Do you know where your child is?

Published 12:00 am Saturday, May 14, 2005

Stop right where you are.

At this very moment, do you know exactly where your child is?

As the weather warms up, I’m increasingly amazed with the number of young children, some under the age of five, seen playing and riding bikes throughout neighborhoods without an adult in sight.

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Don’t get me wrong, as a parent I know that as much as we like to think we’re doing a great job keeping an eye on our children, we don’t always succeed. I even sympathize for the Suffolk family recently in the news because their unsupervised toddler venturing into the street. Instead of initially rushing to judgment as many have, I thought what a job it must be to keep up with seven children. Yes, locks should do the trick.

Let’s face it-we live in extreme times. Indeed, unsafe times, particularly for our most precious gems, our children.

As parents and caretakers of children, I think it’s time we regroup for the protection of children everywhere. We must be more vigilant than ever when it comes to our children’s safety.

Last Sunday, the News-Herald’s focus was missing person cases, particularly teens. What we’ve found is that in most cases here parents have been able to breathe a sign of relief within 24 to 48 hours upon their return. But some parents are not that fortunate-just recall some recent headlines, in part, involving child abductions and murders in Florida.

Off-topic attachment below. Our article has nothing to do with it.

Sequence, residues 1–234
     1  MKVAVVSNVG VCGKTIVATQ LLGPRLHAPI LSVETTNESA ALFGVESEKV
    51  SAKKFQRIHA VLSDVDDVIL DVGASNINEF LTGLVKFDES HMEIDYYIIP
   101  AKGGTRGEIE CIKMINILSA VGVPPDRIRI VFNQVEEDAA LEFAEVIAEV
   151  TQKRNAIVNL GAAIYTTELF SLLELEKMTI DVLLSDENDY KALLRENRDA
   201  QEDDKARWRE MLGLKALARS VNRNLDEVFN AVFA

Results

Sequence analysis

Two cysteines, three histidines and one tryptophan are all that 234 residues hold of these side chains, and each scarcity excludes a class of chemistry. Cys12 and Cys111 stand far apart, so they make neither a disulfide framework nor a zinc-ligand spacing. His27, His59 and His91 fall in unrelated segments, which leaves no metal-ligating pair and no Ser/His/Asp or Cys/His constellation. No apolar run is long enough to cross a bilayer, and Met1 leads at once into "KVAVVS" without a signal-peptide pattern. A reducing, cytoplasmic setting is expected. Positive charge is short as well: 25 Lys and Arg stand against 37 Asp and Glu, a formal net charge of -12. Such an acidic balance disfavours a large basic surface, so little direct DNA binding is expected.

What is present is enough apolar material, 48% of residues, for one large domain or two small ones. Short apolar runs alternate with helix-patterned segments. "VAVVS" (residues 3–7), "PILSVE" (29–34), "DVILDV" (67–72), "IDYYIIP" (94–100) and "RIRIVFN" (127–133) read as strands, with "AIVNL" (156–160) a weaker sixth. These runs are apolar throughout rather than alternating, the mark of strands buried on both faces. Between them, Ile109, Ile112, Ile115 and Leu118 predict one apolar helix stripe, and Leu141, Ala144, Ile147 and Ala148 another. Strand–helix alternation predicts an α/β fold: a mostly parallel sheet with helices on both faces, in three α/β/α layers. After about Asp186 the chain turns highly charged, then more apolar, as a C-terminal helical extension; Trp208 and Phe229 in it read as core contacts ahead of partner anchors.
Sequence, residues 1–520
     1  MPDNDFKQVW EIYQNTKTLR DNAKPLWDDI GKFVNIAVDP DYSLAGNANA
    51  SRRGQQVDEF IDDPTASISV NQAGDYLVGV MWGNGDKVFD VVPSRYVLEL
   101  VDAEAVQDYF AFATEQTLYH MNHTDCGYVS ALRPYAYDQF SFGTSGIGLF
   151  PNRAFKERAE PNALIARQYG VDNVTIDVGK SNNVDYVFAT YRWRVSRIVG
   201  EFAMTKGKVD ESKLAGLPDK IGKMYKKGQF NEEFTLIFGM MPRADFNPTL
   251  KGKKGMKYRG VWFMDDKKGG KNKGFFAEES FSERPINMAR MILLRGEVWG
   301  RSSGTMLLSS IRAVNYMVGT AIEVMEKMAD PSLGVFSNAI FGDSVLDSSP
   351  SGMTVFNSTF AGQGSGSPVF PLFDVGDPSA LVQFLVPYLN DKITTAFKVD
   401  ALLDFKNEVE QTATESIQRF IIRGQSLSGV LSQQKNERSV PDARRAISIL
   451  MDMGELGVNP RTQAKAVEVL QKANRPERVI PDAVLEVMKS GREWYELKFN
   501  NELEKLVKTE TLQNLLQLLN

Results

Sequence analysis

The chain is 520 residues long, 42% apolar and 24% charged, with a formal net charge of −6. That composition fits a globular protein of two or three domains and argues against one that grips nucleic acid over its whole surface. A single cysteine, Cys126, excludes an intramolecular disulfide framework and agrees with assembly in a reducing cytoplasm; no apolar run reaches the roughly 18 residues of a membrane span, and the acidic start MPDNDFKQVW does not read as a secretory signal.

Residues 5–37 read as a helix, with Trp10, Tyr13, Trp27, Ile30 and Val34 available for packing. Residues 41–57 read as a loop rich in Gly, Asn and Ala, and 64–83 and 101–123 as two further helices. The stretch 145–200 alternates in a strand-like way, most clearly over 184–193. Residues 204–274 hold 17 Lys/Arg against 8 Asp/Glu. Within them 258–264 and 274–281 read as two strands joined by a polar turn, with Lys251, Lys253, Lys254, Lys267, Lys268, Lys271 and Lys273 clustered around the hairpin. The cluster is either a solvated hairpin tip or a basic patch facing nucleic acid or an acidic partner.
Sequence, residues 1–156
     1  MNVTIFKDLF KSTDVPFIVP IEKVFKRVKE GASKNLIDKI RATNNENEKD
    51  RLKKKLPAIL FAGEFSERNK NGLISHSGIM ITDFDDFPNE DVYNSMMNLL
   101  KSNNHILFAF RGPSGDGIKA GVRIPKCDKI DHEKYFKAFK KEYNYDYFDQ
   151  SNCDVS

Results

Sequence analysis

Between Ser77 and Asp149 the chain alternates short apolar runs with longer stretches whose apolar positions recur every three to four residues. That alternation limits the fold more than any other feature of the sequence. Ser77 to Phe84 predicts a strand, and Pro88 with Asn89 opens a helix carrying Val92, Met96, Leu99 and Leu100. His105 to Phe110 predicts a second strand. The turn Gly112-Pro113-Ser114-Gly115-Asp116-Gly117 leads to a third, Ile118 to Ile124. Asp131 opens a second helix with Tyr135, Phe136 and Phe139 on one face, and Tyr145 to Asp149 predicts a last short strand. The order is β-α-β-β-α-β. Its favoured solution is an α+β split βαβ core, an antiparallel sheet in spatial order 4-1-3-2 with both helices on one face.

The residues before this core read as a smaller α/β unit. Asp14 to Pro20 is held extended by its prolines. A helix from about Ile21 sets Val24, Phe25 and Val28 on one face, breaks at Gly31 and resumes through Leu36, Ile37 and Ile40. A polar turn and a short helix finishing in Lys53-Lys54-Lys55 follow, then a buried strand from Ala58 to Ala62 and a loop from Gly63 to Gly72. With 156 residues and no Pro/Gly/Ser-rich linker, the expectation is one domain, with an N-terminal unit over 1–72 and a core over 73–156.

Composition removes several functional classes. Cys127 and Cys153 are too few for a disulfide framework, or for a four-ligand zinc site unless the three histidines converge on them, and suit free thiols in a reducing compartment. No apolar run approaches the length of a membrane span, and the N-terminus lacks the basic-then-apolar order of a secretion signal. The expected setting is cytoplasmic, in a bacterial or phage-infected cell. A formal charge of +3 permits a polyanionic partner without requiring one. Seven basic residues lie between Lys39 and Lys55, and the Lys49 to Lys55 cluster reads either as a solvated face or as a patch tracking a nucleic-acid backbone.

In Suffolk because we don’t hear of cases like this, it’s typical to become subconsciously complacent believing this could never happen here.

While my 10-year-old daughter finds me quite overprotective, I insist that an adult be within sight of her at all times. It’s not enough to just have another child with her. Unfortunately, predators will strike at a pair, just as easily as one. And there are things we can teach our kids to defend themselves should they fall into such a trap. For one, we cannot stress enough to children not to stop and talk to strangers.

Michael Reagan’s column below also poses an interesting train of thought about parents and they role they often play when children become victims of crime.

If this column serves no other purpose, I hope as parents we’ll consider that our kids could be somewhere we’re not aware of and inadvertently in the hands of potential danger if we don’t tighten our grip.

This is cause for an action plan, especially for working parents who must often rely on others to care for their children. First and foremost, we have to reinforce to our children what our expectations are, such as never venturing off alone without a caretaker or parent.

This stream of consciousness may seem totally extreme, but the thousands of parents nationwide who don’t know if they’ll see their children again probably wouldn’t think so.

Luefras Robinson is the managing editor of the News-Herald. She can be reached at 934-9613 or e-mail her at